Bayes’ Rule can be used to calculate (), the conditional probability that
manipulation has occurred given the observation of a particular risk factor or set of factors
(Durtschi, Hillison, and Pacini 2004; McKee 2010). Where (), (), and () are,
respectively, the unconditional probabilities of the state (“S”) of fraud, the observation of a
diagnostic (“D”) signal or risk factor, and Scomplement (“Sc”) or nonoccurrence of S, ()
is given as in Equation 1.
()=()
()() (1)
1 MAD stands for “mean absolute deviation,” a statistic often used in Benford’s Law
research because of its advantages in the Benford’s Law context over traditional NHST statistics
(Nigrini 2012; Gorard 2013). MAD is explained in detail below.
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The probability, (), may also be termed the base rate or prior probability of
manipulation (which might be fraudulent or not), meaning the probability of manipulation prior
to observing a diagnostic signal or evidence, in Bayesian parlance. Meanwhile, (), (),
and () are, respectively, the conditional probabilities of (a) manipulation given
observation of the diagnostic signal, (b) observation of the diagnostic given the state of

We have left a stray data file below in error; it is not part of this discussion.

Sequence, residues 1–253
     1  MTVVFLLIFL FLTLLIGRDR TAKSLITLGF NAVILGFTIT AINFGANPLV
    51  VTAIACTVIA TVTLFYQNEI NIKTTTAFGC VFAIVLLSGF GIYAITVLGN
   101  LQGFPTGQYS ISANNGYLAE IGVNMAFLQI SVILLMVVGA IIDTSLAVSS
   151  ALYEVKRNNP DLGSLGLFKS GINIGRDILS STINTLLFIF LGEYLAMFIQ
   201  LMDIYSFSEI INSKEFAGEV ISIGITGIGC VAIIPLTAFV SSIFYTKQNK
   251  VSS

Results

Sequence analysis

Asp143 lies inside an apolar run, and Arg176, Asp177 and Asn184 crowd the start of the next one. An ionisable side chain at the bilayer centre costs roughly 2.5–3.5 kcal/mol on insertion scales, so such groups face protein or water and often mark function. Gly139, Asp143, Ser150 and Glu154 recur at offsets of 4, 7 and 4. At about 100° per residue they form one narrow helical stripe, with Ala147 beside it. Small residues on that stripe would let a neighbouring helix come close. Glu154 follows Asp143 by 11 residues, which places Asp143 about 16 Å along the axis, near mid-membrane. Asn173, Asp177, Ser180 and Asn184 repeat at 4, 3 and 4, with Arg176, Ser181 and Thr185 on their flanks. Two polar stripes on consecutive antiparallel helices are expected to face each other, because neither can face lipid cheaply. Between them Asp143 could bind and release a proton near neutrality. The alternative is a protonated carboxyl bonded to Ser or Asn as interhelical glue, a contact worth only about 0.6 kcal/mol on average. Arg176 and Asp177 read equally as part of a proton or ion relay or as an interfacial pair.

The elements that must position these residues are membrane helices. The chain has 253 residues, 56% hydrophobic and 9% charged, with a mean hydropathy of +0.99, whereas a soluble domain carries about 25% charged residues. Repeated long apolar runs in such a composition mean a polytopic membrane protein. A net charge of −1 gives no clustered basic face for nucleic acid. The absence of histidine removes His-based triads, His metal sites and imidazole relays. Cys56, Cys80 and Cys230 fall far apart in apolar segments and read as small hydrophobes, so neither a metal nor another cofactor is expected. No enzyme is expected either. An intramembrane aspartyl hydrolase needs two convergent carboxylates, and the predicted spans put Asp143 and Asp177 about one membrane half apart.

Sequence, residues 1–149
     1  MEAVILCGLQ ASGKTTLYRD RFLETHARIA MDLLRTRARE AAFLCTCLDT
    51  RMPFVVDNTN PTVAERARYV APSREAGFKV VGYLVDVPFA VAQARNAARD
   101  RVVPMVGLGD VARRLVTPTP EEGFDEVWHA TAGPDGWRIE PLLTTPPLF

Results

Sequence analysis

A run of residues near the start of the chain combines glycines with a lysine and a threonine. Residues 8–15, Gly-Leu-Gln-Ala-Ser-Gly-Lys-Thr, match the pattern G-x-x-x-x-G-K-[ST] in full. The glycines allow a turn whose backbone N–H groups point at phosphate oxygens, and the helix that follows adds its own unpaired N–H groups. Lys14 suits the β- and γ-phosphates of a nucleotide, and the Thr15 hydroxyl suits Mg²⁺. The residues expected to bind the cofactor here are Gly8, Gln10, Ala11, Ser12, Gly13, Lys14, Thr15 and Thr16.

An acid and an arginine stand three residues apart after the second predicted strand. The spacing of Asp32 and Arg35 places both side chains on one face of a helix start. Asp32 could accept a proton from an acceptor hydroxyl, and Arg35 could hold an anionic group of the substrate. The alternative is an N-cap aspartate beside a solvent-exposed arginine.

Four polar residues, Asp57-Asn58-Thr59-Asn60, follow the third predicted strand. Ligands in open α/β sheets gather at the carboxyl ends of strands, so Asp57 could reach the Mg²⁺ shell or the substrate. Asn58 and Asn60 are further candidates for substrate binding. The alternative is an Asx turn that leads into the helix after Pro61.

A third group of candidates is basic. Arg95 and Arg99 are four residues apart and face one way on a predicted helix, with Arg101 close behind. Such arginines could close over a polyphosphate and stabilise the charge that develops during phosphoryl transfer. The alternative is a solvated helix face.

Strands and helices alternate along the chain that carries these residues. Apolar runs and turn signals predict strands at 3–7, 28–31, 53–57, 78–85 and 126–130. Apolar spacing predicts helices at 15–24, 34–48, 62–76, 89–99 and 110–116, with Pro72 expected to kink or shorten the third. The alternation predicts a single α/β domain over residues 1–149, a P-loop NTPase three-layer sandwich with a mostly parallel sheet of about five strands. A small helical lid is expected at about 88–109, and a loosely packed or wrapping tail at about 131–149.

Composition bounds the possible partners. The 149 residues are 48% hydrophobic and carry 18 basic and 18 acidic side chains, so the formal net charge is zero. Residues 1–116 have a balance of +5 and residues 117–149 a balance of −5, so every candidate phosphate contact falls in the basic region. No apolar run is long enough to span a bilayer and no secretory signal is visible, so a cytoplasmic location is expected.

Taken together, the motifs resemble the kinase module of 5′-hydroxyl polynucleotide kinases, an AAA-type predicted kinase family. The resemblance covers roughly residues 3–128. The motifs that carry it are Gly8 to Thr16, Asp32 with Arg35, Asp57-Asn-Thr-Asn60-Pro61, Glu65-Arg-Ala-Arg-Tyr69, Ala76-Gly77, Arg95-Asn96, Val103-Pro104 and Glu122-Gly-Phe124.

manipulation, and (c) observation of the diagnostic given no manipulation (a.k.a. “false
positive”) (Durtschi et al. 2004, 28; Kruschke 2015). If () is relatively low,2 then () is
more effectively increased by reducing () than by increasing (), meaning that a
premium is placed on reducing false positives.
Bayes’ Rule and the interaction among its basic parameters are often ignored or
misinterpreted in auditing practice and research. In practice, Bayesian errors can be extremely
costly both outofpocket, where entrylevel bigfirm staff are billed out at $300 or more per
hour, and in terms of litigation and reputation risk.
As a diagnostic for fraud and other accounting anomalies, Benford’s Law fits squarely
within the Bayesian analytical framework. This study seeks to reduce () (the probability of
false positives) by better calibrating the assessment of deviation from Benford’s Law thereby
increasing the reliability and reducing the costs associated with using Benford’s Law as a fraud
screen. However, as the Benford’s Law () falls, Bayesian inference allows fraud
2 Financial statement manipulation typically comes to light only through regulatory
enforcement actions or investigative reporting, leaving latent the overall base rate. However,
recent research suggests that between 20 and 30 percent of U.S. GAAP financial statements may
be afflicted by withinGAAP manipulation alone (Dichev et al. 2013, 24). Others have estimated
the fraud (as opposed to withinGAAP manipulation) base rate at between 0.3 percent (McKee
2010, 6162) and 38 percent (Bishop 2001, 13).